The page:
Where We Meet Again (Arrow Creek 1)

Page 7

My mouth snapped shut, and I spun away from him. I busied myself by gathering clean, dry clothes to put on from my dresser. “No reason. Can’t I just be happy?”
“Yeah, you can. Happiness looks good on you.”
The sad note of his tone had me turning around again. I clutched my pile of clothes to my chest, momentarily forgetting the soaked ones I wore. I tilted my head to the left and took in my older brother. “Speaking of, are you okay? You don’t look so good.”
“I’m fine. Just tired.” He waved me off with a swish of his hand.
Tired wasn’t the half of it. Deep purple ringed around his eyes, but we both looked that way. Mom spent half the night awake and yelling through her nightmares of the accident that stole our dad and her ability to walk at the same time. But the paleness of his skin was new. He looked ill, and it concerned me.
“Why don’t you go take a nap? I’m here now. I’ll just get changed and make mom some lunch.”
Ritchie walked toward me, wrapped his arm around my shoulders, and kissed the side of my head. “Thanks. I think I’ll do that.”
Then he left.
After I got changed, I did what I proposed. I also called our pediatrician and made an appointment for him for the next day. He didn’t look good, and I knew he wouldn’t do it himself.
He’d have done the same for me.
“Hey, Witchy Ritchie.”
I lower myself onto the bright green grass and caress the long blades with my fingertips. The morning dew clings to my jeans, making my backside instantly wet, but I don’t care. Nothing else exists when I visit my brother.
“It’s getting a little cold out here today. I miss summer already.” I tug my sweater tighter around my chest and cross my arms, staring off into the distant row of evergreen trees. “You’ll never guess who I saw the other day.”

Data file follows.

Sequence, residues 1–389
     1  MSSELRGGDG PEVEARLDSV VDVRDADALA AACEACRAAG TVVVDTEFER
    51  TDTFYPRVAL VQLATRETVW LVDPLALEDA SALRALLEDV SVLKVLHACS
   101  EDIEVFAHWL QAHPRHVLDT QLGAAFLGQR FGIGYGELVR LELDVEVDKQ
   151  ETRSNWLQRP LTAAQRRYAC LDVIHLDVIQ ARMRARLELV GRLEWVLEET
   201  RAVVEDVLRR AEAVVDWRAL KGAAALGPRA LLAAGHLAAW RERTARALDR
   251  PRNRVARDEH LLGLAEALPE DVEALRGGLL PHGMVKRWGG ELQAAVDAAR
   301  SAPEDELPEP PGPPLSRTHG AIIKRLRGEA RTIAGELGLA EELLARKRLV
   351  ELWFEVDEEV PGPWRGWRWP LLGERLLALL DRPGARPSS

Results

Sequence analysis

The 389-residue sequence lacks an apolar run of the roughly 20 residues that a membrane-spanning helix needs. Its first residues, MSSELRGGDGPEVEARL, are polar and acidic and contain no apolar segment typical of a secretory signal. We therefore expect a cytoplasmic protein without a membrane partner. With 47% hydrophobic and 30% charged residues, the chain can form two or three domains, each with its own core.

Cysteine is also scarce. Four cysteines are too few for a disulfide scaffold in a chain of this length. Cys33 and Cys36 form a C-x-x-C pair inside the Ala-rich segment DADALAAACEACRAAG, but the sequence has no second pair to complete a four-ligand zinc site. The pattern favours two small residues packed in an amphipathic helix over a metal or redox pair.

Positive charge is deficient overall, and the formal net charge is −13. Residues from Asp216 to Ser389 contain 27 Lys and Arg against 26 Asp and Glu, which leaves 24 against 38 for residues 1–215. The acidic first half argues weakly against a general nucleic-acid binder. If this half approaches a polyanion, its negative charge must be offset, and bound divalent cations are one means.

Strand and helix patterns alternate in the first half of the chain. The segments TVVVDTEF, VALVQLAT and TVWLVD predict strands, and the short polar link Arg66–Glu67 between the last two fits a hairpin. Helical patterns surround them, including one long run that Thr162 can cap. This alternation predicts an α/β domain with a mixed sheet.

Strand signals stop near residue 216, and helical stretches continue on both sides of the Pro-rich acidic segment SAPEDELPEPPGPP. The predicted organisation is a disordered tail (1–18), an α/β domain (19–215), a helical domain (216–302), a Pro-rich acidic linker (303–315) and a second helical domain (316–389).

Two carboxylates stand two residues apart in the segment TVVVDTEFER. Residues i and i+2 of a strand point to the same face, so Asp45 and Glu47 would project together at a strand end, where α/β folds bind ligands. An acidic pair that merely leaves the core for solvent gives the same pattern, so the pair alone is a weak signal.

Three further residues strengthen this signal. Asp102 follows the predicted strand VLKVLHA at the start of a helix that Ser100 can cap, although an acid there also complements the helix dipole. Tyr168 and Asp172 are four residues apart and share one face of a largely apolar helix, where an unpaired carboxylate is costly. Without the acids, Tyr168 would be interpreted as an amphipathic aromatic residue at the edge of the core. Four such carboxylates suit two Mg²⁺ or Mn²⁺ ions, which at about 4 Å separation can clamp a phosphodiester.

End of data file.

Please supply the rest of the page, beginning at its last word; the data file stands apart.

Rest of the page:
He doesn’t answer, but I carry on the conversation, anyway. “I never thought I’d see him again, you know? What is he even doing here? I ran into him at the damn coffee shop of all places, and for a moment, I thought he knew everything. The way he looked at me… I mean, you knew Law. He didn’t miss a thing.”
“Most things,” I amend.
A shiver courses through me, and I return my gaze to the solid marble stone in the ground.
“What am I supposed to do?”
My chest aches and burns with the silence. I need my brother more than ever. More than I needed him when I left home, or when my daughter was born. At this moment, I face the heartbreaking reality that I hurt Law, and the confirmation that he continues to hurt after all these years.
I never expected him to still care. The sound of his voice plays on a loop, the anguished tone not belonging to someone who’s moved on.
He could have easily forgotten me. It wouldn’t surprise me to learn he has a family. A wife who dotes on him and kids. I envision them with his stunning eyes and unruly hair, who run up to him and scream Daddy when he comes home after a long day at work.
That could totally be the case.
Law was always handsome and popular. He’d been a sophomore on the varsity football team, and a starting player since freshman year. His coaches and teachers adored him, the student body worshiped him, and the cheerleaders loved him. Especially Stephanie.
Her name hasn’t graced my mind since before Evelyn was born, and I promised myself to put the past behind me. The pressure to grow up ensnared me as motherhood approached. If I wanted any chance to create a decent life for my daughter, I needed to forget all I’d lost. The choice to have Evelyn was mine alone, and I did nothing half-assed. The only thing in my life left unfinished was my relationship, or lack thereof, with Law.
Yeah… that word feels like acid in my brain.
His popularity was the catalyst. The fact he was too popular to be with someone like me started the heartbreak. The doubt.
“He’s left by now, right?”
I stretch my body in the damp grass, lying across the length of his grave, and rest my head against my folded arms. The ground smells like fall, fresh earth, and grass clippings, and it brings me some comfort. I have spent countless hours in this exact spot, inhaling the fresh air and thinking about my brother. To me, the unfiltered outdoors reminds me of home.
“He doesn’t live here. I’ll probably never see him again.”